Availability of Roadside Assistance: Fair
Since gaining independence in 1991, Croatia has seen an increase
in the number of cars, leading to heavy congestion on major routes
on weekends (towards the coast, for example) and in major cities
during rush hour. Parking can be difficult and expensive in city
centers. Drivers can be aggressive and, in Zagreb, motorists must
also pay special attention to trams (streetcars). Primary roads
are generally adequate, but most have only one lane in each direction,
including roads going to and from the coast. Coastal roads are
narrow and congested, and tend to be very slippery when wet. Right
turns on red lights are strictly forbidden in Croatia, unless
an additional green light (in the shape of an arrow) allows it.
At unmarked intersections, right of way is always to the vehicle
entering from the right. Front seat belts are obligatory and passengers
in vehicles equipped with rear seat belts are required to use
them. The legal limit for blood alcohol content in Croatia is
.05 percent. Police routinely spot-check motorists for drinking
and driving, and will administer breathalyzer tests at even the
slightest accident. Drivers who refuse to submit to a breathalyzer
test are automatically presumed to have admitted to driving while
intoxicated. In cases of accidents resulting in death or serious
injury, Croatian law obligates police to take blood samples to
test blood alcohol levels. Drivers traveling through former conflict
areas should stay on paved roads to reduce the risk of encountering
mines and unexploded ordnance left over from the war.
Within Croatia, emergency road help and information may be reached
by dialing 987, a service of the
Croatian Automobile Association (HAK). The police can be reached
by dialing 92 and the ambulance can be reached by dialing 94.
Additional road condition and safety information may be obtained
from HAK at tel. (385)(1) 455-4433, or via their web page, http://www.hak.hr
For additional information
about road safety, including links to foreign government sites,
please see the Department of State, Bureau of Consular Affairs
home page at http://travel.state.gov/road_safety.html. For
additional information on road conditions specific to Croatia,
please see the U.S. Embassy home page at http://www.usembassy.hr/consular/traffic.htm.
For specific information concerning Croatian driver's permits,
vehicle inspection, road tax and mandatory insurance, please contact
the Croatian National Tourist Office, 350 Fifth Avenue, Suite
4003, New York, NY 10118; tel. 1-800-829-4416 or 212-278-8672;
AVIATION SAFETY OVERSIGHT: As there is no direct commercial
air service by local carriers at present, nor economic authority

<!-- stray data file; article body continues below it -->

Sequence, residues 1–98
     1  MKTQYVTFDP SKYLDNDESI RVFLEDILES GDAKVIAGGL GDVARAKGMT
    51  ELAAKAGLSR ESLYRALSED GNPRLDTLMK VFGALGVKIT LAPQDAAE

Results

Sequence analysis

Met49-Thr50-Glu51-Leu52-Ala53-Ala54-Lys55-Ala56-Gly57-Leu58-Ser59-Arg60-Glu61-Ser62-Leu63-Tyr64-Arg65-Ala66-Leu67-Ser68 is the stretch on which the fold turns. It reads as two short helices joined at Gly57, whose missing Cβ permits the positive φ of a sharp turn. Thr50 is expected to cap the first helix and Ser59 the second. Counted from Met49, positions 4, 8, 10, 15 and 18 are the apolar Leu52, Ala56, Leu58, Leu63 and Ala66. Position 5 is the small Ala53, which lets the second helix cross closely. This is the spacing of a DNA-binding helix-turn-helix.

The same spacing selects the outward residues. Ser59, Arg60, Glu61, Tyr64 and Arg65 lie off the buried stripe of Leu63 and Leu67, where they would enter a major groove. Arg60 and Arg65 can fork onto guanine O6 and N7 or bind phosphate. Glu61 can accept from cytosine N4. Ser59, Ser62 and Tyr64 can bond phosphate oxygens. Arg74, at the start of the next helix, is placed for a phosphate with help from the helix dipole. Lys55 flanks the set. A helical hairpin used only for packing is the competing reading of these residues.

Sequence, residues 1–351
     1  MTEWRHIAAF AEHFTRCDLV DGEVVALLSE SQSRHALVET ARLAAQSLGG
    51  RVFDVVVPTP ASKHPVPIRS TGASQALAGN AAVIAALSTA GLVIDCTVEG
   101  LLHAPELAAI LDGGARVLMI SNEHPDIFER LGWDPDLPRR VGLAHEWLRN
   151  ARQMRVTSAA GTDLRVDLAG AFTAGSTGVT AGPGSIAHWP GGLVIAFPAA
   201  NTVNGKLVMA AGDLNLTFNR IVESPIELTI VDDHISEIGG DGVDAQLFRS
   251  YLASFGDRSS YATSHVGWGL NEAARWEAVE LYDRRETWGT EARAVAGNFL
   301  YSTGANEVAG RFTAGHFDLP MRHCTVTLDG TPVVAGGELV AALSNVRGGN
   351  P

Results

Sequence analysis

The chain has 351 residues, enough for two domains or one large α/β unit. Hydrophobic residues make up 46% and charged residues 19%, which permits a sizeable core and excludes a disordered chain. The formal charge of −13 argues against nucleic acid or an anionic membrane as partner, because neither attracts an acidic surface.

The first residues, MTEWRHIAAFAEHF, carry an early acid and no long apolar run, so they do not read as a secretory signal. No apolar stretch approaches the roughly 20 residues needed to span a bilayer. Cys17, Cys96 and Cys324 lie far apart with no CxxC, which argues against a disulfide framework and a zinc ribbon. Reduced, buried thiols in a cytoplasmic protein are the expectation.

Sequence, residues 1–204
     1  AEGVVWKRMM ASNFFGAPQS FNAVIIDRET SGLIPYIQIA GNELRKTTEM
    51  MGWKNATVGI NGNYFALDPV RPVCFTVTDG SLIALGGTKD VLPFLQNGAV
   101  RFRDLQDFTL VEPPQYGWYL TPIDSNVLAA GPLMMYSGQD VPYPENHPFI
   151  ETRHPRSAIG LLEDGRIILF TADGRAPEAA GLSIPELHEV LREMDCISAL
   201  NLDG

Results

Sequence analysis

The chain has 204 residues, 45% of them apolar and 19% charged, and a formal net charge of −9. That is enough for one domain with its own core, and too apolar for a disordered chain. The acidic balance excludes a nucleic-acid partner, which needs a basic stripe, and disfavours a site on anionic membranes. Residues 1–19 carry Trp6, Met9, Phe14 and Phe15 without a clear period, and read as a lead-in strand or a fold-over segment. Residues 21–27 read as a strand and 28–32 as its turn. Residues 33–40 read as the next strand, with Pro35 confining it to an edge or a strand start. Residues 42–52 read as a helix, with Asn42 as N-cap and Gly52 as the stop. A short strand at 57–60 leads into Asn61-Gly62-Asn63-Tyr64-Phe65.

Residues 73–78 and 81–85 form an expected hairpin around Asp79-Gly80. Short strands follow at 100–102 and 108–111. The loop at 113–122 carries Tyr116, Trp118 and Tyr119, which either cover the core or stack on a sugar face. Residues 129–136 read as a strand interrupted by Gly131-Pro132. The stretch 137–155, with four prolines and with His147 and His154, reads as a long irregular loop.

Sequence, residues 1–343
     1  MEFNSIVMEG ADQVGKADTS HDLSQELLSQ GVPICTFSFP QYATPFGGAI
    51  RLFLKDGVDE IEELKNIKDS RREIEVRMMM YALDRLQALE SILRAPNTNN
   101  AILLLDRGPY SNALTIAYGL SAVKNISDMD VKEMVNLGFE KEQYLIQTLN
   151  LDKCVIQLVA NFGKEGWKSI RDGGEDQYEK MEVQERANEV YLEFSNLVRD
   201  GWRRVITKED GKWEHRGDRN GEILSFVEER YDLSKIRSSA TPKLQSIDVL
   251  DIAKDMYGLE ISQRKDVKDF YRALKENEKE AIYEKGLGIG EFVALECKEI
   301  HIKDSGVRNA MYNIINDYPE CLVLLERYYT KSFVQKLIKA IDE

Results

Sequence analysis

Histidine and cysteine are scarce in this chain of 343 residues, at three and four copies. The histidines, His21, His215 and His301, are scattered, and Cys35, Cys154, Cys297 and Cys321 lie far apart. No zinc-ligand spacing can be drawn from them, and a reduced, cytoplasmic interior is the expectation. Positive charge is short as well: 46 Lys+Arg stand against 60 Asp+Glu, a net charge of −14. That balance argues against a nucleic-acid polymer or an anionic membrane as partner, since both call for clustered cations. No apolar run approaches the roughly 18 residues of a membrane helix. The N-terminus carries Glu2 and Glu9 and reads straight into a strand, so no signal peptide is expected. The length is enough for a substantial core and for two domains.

to operate such service between the United States and Croatia,
the U.S. Federal Aviation Administration (FAA) has not assessed
Croatia's Civil Aviation Authority for compliance with international
aviation safety standards. For further information, travelers
may contact the Department of Transportation within the U.S. at
1-800-322-7873, or visit the
FAA Internet home page at http://www.faa.gov/avr/iasa/. The
U.S. Department of Defense (DOD) separately assesses some foreign
air carriers for suitability as official providers of air services.
For information regarding the DOD policy on specific carriers,
travelers may contact the DOD at tel. (618) 229-4801.
CUSTOMS REGULATIONS: Croatian customs authorities encourage
the use of an ATA (Admission Temporaire/Temporary Admission) Carnet
for the temporary admission of professional equipment, commercial
samples, and/or goods for exhibitions and fair purposes. ATA Carnet
Headquarters, located at the
U.S. Council for International Business, 1212 Avenue of the
Americas, New York. N.Y. 10036, issues and guarantees the ATA
Carnet in the United States. For additional information, please
call (212) 354-4480, or send e-mail to firstname.lastname@example.org, or
visit http://www.uscib.org for details.
CRIMINAL PENALTIES: While in a foreign country, U.S. citizens
are subject to the laws and regulations of the country in which
they travel, which sometimes differ significantly from those in
the United States and may not afford the protections available
to the individual under U.S. law. Penalties for breaking the law
can be more severe than in the United States for similar offenses.
Persons violating Croatian laws, even unknowingly, may be expelled,
arrested or imprisoned. Penalties for possession, use, or trafficking
in illegal drugs in Croatia are strict, and convicted offenders
can expect jail sentences and fines.
SPECIAL CIRCUMSTANCES: With the proliferation of automated
teller machines and ever-wider acceptance of credit cards in Croatia,
traveler's checks are accepted less and less frequently or are
exchanged at an unfavorable rate.
CHILDREN'S ISSUES: In general, foreign citizens may not
adopt Croatian children. For information
on international adoption of children and international parental
child abduction, please refer to our Internet site at http://travel.state.gov/children's_issues.html
or telephone (202) 736-7000
REGISTRATION AND EMBASSY LOCATION: U.S. citizens are encouraged
to register at the
U.S. Embassy and obtain updated information on travel and security
within Croatia. The
U.S. Embassy in Zagreb is located at Andrije Hebranga 2, tel.
(385)(1) 455-5500, Internet home page: http://www.usembassy.hr.
On weekends, holidays, and after hours, an Embassy duty officer
can be reached at tel. (385)(1) 455-5281 or (385)(91)455-2384.
This replaces the Consular Information Sheet dated November 4,
1999, to update the sections on Traffic Safety and Road Conditions,
Aviation Safety Oversight, Special Circumstances, and to delete